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Voltage Drop in Primary Distribution

Jeff Cote

Pacific Yacht Systems
September 7th, 2017

Most marine electrical systems will have a DC (direct current) system as part of their electrical design, and for most boats it may form the largest and most intrinsic part of the electrical system.  With lower voltage electrical systems, those below 50V, it is of paramount importance that particular attention is paid to distribution of the power and maintaining voltage drop to a minimum.  With that in mind, it is not surprising that battery cabling on 12VDC electrical systems needs to be quite large and installed with the highest degree of care taken to make sure that the connections and distribution points have minimal resistances.

First order of business, when designing a lower voltage DC distribution system, is to calculate the total amount of current that will be going through the system so that voltage drop calculations can be made.  With the primary distribution, that is from the battery through the disconnect switch and up to the main distribution panel with its primary over-current protection, this portion is designed to be below 3% voltage drop.  The 3% voltage drop calculation is also applied to all safety systems and other critical circuits, including navigation, lighting, bilge pumps and alarms.  Most of these circuits will be ‘on’ 24 hours a day, seven days a week, and will be part of a “24/7 sub-system” that will have direct access to battery power that will not be switched off with other loads when the vessel is left unattended.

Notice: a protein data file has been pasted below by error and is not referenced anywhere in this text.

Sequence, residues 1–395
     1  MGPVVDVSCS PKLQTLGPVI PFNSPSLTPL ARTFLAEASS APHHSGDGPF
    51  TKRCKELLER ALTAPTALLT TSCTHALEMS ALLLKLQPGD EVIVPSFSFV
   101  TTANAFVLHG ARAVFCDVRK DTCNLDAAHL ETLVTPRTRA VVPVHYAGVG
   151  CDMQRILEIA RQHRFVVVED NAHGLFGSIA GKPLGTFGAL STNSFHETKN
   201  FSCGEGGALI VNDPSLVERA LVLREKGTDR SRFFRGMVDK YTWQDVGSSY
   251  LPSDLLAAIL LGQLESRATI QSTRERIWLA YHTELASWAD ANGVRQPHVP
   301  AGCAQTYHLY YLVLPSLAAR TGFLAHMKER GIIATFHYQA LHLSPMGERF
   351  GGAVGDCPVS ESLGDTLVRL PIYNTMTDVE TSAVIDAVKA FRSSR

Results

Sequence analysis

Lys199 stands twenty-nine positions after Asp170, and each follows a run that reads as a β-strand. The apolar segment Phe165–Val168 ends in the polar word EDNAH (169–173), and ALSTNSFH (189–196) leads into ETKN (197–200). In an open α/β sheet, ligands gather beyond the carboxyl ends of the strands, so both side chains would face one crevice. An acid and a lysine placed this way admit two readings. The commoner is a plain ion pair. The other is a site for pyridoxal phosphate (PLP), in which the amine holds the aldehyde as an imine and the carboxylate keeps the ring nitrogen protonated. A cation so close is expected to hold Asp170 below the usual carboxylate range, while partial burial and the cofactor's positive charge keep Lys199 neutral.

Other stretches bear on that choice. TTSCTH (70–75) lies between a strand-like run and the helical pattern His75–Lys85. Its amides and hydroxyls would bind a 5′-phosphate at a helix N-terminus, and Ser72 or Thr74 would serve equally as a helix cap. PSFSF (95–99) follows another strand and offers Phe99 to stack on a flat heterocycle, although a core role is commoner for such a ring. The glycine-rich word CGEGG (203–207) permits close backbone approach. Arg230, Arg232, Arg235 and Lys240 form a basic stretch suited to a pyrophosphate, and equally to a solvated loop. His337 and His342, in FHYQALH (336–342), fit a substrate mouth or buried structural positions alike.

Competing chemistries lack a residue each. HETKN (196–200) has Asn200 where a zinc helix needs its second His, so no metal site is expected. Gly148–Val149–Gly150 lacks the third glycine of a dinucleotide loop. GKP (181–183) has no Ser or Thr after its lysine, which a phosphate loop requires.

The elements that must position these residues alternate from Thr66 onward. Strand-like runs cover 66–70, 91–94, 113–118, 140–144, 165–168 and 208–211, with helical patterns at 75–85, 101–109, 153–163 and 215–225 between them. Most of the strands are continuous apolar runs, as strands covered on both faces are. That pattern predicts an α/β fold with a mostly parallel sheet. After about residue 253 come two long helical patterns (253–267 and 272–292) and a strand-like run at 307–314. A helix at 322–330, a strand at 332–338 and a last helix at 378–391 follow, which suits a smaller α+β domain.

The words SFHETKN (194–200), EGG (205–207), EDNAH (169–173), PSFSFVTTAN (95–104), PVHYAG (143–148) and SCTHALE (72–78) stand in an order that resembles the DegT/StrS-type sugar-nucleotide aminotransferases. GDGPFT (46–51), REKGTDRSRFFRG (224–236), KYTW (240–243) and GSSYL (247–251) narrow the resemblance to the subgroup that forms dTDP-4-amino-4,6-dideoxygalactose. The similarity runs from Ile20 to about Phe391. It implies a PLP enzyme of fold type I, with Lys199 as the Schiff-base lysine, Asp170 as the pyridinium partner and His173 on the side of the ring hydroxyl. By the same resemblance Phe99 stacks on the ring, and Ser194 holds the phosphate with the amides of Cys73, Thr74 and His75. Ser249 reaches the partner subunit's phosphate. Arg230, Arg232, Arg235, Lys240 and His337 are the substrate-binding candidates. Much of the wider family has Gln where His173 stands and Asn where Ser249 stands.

Voltage drop can be calculated using a standardized formula, or there are tables and calculators available on line or from electrical equipment suppliers.  The importance of maintaining minimum voltage drop in the primary distribution is critical because any overages at the primary level will be compounded at secondary and peripheral distribution levels.

– Lyle, PYS Marine Electrical Technician

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  1. Martin Suo says:

    How do you read wire gauge in graph?
    M.